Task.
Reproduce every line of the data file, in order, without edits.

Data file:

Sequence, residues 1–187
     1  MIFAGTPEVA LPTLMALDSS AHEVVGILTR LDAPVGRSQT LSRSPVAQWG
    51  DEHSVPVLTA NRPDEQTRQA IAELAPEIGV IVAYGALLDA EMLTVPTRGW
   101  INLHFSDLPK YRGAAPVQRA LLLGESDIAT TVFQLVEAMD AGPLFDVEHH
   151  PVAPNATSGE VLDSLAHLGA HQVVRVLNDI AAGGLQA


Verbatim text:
Sequence, residues 1–187
     1  MIFAGTPEVA LPTLMALDSS AHEVVGILTR LDAPVGRSQT LSRSPVAQWG
    51  DEHSVPVLTA NRPDEQTRQA IAELAPEIGV IVAYGALLDA EMLTVPTRGW
   101  INLHFSDLPK YRGAAPVQRA LLLGESDIAT TVFQLVEAMD AGPLFDVEHH
   151  PVAPNATSGE VLDSLAHLGA HQVVRVLNDI AAGGLQA